Tomatoes - Research
Other Names: Tomato, Love Apple, Golden Apple, Wolf Apple, Wolf peach, Apple of Love, Tamatar, Solanum Lycopersicum
Studies have been done on the external use of lycopene as potential protection against ultraviolet light skin damage and other antioxidant uses for the skin.7,8 Lycopene is also being researched for a potential internal use as a skin protectant that could help prevent skin cancer and damage that causes skin aging.9 Ongoing research is being performed on lycopene and combinations of substances and vitamins including lycopene for the prevention of many types of cancer and other potential antioxidant uses. Some studies indicate lycopene may have beneficial effects on the heart, including possible reduction in coronary heart disease and heart attack.5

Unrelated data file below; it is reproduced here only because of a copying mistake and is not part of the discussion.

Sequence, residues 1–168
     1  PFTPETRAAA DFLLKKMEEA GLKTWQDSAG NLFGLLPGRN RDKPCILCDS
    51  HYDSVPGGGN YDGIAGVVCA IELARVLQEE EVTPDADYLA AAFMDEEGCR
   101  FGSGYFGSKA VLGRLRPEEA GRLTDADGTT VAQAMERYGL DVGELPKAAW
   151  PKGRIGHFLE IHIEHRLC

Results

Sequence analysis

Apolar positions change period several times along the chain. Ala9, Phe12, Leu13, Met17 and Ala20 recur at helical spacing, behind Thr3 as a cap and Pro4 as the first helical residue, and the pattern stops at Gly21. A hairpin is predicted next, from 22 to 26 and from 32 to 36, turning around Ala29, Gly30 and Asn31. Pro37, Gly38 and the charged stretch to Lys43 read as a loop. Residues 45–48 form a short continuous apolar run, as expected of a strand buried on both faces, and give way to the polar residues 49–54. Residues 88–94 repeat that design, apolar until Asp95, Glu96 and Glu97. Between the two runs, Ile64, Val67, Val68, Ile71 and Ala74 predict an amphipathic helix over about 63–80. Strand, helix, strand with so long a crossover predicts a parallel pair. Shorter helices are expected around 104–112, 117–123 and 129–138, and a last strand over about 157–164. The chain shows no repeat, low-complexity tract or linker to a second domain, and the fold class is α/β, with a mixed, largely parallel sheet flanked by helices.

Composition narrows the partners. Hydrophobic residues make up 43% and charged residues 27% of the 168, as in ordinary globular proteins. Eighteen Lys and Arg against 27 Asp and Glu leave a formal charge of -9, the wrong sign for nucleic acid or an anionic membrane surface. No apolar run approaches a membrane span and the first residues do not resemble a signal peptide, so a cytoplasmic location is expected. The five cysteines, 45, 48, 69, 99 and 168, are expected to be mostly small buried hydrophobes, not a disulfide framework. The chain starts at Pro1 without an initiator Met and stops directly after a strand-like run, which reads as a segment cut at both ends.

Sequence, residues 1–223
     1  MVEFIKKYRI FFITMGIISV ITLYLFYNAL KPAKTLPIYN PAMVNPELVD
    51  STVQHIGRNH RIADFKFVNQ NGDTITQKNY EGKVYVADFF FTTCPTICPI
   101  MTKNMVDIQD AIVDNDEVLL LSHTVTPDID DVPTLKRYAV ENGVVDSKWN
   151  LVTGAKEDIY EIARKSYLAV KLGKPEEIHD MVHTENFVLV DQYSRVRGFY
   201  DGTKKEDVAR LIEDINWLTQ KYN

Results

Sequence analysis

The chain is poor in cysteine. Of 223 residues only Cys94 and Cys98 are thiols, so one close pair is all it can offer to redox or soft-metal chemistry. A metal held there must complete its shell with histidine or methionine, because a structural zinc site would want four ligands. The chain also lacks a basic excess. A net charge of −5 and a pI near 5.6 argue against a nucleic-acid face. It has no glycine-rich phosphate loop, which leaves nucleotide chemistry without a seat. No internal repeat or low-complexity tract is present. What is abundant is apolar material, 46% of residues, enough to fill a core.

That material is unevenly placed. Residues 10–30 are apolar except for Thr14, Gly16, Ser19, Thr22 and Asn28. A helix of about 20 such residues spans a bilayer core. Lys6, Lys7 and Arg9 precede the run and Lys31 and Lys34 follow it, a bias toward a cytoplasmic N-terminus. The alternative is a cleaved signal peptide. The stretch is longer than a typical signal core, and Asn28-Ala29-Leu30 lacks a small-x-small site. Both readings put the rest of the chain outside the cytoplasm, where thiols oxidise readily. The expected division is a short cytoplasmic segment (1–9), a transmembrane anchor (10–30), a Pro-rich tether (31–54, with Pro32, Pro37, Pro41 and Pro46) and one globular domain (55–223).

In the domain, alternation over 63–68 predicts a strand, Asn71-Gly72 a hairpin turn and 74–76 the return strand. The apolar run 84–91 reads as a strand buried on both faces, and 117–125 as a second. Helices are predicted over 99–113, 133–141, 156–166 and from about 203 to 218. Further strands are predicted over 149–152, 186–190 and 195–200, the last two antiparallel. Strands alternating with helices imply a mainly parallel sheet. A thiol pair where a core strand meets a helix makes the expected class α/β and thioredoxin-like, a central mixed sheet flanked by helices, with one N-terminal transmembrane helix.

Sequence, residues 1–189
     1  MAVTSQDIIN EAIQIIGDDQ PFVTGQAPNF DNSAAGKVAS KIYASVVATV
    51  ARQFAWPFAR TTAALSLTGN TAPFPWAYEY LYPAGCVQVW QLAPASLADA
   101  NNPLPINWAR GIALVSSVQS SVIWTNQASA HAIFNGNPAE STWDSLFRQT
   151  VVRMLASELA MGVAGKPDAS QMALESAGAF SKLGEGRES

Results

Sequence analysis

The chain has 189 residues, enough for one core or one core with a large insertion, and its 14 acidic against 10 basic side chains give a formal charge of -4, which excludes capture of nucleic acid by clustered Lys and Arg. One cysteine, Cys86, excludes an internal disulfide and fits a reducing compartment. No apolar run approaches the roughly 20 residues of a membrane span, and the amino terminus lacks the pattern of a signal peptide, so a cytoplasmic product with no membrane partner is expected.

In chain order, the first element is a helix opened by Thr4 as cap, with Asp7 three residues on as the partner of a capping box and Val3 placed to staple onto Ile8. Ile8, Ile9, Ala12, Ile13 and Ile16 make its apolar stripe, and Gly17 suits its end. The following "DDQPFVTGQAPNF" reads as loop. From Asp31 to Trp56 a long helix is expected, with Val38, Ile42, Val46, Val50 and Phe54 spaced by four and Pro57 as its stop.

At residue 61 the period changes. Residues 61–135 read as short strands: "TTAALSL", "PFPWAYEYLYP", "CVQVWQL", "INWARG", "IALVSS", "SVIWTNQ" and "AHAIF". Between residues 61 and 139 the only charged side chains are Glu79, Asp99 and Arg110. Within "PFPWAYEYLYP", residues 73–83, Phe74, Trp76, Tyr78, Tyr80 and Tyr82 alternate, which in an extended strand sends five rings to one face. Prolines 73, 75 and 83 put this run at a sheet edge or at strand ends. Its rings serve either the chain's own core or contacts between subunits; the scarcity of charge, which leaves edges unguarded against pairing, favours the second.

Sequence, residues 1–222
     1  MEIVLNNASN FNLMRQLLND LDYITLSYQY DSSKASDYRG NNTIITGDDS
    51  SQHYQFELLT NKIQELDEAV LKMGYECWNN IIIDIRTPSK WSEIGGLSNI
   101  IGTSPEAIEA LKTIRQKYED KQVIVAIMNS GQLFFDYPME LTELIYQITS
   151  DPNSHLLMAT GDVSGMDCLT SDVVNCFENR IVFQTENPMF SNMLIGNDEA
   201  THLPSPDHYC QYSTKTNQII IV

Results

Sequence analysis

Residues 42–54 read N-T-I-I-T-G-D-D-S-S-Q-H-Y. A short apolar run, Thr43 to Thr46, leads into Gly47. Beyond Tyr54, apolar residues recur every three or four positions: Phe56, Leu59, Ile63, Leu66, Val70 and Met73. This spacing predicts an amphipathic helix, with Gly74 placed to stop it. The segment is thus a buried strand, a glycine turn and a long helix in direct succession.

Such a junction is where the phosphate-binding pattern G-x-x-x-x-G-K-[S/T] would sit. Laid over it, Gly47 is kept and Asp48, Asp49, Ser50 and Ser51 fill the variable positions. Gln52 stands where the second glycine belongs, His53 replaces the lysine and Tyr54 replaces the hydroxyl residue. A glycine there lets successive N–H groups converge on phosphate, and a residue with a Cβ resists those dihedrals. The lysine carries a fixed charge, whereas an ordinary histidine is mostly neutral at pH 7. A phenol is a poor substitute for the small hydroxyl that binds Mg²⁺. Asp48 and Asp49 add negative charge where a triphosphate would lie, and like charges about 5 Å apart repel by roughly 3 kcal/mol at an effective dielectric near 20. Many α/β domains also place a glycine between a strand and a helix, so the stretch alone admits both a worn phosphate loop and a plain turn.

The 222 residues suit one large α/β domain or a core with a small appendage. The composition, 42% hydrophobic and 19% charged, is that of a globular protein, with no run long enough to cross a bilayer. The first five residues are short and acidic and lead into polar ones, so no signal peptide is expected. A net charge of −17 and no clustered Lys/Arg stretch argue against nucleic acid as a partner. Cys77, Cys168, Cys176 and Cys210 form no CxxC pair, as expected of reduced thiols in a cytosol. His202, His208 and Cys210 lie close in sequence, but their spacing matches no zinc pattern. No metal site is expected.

5 DerMarderosian A, Beutler JA (editors). The Review of Natural Products: The Most Complete Source of Natural Product Information. 3rd edition. St. Louis, Mo: Facts and Comparisons, 2002.
7 Fazekas Z, Gao D, Saladi RN, Lu Y, Lebwohl M, Wei H. Protective effects of lycopene against ultraviolet B-induced photodamage[abstract]. Nutr Cancer. 2003;47(2):181-187.
8 Andreassi M, Stanghellini E, Ettorre A, Di Stefani A, Andreassi L. Antioxidant activity of topically applied lycopene[abstract]. J Eur Acad Dermatol Venereol. January 2004;18(1):52-55.
9 Cesarini JP, Michel L, Maurette JM, Adhoute H, Bejot M. Immediate effects of UV radiation on the skin: modification by an antioxidant complex containing carotenoids[abstract]. Photodermatol Photoimmunol Photomed. August 2003;19(4):182-189.